Mary Crawford’s harp is more than just a fashionable early 19th century musical instrument, it has a number of important jobs to do in the unfolding of the Mansfield Park plot, not least in allowing the readers to see Mary’s character for themselves.
Young Lady Playing the Harp by James Northcote, 1816
This is Mariana – and she has a problem. She was betrothed to Angelo, a man she was passionately in love with, but, when her dowry was lost in a shipwreck, the rat Angelo repudiated her. She now lives a lonely life in a moated grange. But things are about to change…
In this post, I want to look at the curious fact that none of Jane Austen’s heroines (whose ages range between seventeen and twenty-seven) or her heroes (whose ages range from about twenty-four to thirty-seven) have living grandparents. Indeed, that older generation of, say, sixty plus, seems to be missing. Can this be true? And, if so, what difference does it make? To answer these questions, we need a bit of background information about life expectancy in the early 19th century. Edwin Chadwick’s ground-breaking 1842 survey on public health, tells us that the life expectancy of a member of the gentry or professional class in Rutland (chosen as a typical rural location) was fifty-two; and for an artisan or labourer, it was thirty-eight. There are, of course, a number of factors to be taken into account: infant mortality rates, for example, but for the purpose of this post, I’m staying with the basic facts, as near as we can get them.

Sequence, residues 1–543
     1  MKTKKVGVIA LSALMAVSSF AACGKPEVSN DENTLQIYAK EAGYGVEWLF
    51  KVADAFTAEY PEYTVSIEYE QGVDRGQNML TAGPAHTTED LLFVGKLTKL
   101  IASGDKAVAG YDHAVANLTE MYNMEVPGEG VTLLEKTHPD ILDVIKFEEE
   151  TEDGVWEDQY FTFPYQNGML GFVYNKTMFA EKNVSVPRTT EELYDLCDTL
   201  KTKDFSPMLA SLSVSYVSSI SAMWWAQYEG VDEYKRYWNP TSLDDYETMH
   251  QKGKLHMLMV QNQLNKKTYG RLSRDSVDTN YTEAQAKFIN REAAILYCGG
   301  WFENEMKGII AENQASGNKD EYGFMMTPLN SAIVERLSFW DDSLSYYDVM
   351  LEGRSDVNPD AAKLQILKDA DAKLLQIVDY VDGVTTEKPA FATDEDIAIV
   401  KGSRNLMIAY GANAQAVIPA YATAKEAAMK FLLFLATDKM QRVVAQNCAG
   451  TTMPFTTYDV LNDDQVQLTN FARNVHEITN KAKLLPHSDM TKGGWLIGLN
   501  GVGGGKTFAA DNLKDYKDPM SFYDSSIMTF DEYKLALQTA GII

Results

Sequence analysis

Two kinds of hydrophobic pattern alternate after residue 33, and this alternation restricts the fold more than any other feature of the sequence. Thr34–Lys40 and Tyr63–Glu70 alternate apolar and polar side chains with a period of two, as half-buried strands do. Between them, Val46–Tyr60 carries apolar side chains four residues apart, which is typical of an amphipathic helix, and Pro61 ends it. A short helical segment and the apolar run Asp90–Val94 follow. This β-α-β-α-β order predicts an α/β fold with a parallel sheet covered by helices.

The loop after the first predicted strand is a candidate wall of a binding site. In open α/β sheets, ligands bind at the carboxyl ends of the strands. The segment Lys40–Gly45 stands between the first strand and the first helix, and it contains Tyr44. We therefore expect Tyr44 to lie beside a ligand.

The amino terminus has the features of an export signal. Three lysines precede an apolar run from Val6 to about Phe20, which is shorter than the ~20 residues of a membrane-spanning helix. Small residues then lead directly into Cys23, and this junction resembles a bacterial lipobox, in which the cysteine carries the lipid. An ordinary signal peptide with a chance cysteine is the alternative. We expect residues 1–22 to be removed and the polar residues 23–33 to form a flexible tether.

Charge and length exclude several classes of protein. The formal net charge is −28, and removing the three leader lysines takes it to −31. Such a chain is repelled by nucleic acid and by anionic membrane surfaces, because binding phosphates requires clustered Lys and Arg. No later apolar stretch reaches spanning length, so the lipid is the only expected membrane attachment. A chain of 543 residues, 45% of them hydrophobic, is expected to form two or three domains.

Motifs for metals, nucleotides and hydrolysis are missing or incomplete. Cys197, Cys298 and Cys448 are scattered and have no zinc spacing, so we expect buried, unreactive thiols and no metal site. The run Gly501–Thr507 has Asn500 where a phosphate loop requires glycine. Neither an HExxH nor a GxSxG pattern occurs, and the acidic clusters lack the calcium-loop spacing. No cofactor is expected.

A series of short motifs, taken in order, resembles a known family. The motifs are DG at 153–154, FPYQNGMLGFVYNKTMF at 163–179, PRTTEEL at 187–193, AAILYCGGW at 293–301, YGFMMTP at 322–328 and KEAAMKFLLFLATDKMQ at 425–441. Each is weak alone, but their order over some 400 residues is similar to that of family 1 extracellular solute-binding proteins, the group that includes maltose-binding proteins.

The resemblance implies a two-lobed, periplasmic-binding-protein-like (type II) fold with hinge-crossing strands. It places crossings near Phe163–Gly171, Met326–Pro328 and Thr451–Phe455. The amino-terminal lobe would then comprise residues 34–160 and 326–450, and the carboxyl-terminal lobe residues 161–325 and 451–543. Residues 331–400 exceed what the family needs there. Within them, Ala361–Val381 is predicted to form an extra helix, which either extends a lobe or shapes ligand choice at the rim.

The only young lady in Jane Austen’s novels with a living grandparent is Jane Fairfax in Emma who has the aged Mrs Bates, ‘a very old lady, almost past everything but tea and quadrille.’ I’ll be looking at how old Mrs Bates actually is later.
A Child’s Day through the Ages by Dorothy Margaret Stuart was one of my favourite books as a child. I particularly liked the story A Garland Over the Door, set in Athens in 438 BC, about the arrival of a baby brother to ten-year-old Ageladas and his little sister, Doricha – and it inspired me to try out something dangerous ….